By D. E. Littlewood

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**Additional resources for A University Algebra: An Introduction to Classic and Modern Algebra**

**Example text**

I f there are m rows and n columns the general matrix may be written an> ®12> ai3> ••••» a in ®21> a 22> a 2Z> ••••> ®2n —a ml> a m 2 > ............. > a mv— where the symbols a{j represent any numbers. It is convenient to specify a matrix when possible by writing down one typical element. The letter $ will be reserved for the row o f a matrix from which a typical element is taken and the letter t for the column. Thus the above matrix could be represented as A = [aj. A d d i t io n of M a t r ic e s is defined, the sum o f two matrices being the matrix obtained b y adding corresponding terms.

A method often employed to analyse the properties o f a matrix is to find an equivalent matrix o f especially simple form, usually a matrix whose only non-zero elements are in the leading diagonal. Latent R oots and Poles It is not always possible to find a vector which is left unaltered when operated on by a matrix, but it is always possible to find a vector or vectors which become scalar multiples o f themselves. For collineations under the projective group wrhere the scalar factor has no signi ficance these give the invariant points.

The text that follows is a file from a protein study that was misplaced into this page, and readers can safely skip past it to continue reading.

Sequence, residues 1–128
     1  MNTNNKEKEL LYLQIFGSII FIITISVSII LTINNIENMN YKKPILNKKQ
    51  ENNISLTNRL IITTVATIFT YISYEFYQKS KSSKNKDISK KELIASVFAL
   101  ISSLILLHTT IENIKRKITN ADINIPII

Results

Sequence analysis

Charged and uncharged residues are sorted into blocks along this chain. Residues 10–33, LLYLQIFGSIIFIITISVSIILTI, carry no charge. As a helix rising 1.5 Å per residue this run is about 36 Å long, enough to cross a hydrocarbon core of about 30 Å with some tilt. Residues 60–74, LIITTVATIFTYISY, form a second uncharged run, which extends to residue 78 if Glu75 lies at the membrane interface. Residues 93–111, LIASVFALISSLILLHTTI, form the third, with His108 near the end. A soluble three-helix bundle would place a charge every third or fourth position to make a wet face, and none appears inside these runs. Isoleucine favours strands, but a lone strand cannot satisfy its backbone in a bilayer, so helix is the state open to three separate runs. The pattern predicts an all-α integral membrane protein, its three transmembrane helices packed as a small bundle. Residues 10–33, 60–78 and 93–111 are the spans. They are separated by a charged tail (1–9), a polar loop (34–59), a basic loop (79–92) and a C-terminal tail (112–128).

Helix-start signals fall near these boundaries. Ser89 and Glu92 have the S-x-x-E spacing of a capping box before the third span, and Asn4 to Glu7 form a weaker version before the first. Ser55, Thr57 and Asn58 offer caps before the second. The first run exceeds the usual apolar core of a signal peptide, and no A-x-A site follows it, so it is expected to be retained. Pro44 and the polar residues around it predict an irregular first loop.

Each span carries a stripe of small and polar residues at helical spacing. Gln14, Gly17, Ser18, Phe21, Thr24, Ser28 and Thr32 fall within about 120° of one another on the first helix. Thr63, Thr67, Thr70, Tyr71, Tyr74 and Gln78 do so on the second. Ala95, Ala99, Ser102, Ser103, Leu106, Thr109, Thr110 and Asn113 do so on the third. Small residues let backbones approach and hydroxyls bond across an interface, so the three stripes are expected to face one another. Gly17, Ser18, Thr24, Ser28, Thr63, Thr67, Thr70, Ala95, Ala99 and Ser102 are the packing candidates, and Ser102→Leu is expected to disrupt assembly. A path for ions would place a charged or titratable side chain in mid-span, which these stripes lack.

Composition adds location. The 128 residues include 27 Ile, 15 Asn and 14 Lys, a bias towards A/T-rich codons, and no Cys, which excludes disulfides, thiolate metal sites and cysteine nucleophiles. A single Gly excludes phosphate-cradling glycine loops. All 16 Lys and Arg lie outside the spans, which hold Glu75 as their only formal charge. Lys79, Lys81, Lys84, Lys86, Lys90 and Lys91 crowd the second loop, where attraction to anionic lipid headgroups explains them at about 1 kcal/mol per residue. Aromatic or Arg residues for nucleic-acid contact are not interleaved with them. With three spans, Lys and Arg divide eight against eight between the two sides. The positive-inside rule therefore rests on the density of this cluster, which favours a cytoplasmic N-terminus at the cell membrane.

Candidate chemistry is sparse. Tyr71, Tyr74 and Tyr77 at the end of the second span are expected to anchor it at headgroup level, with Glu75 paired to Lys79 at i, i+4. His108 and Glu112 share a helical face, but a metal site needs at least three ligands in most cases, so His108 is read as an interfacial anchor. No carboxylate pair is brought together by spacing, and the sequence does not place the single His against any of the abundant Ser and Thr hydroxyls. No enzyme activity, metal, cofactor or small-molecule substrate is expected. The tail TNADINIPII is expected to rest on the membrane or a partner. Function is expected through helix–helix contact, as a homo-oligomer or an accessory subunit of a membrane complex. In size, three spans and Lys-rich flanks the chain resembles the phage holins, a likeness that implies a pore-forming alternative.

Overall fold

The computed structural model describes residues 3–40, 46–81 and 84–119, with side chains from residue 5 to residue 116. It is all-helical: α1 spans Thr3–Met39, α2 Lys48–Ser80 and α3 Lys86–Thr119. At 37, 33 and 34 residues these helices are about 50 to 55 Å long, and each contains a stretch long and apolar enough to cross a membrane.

I f for each multiple root there is the maximum number o f poles, then the total number o f linearly independent poles will be n. For suppose that a set o f poles ^29 ••••9 is obtained taking p linearly independent poles corresponding to each £>-fold root, this set cannot be linearly dependent. I f they are, then let ^i -^ i + ^ 2^2 + •••• + knX n = 0, and suppose that a pole corresponding to the latent root A has non-zero coefficient. I f the other latent roots are Xl9 A2, ___ , Xjy operate on this vector equation with the matrix operator (A - AJ) ( A - A2J) .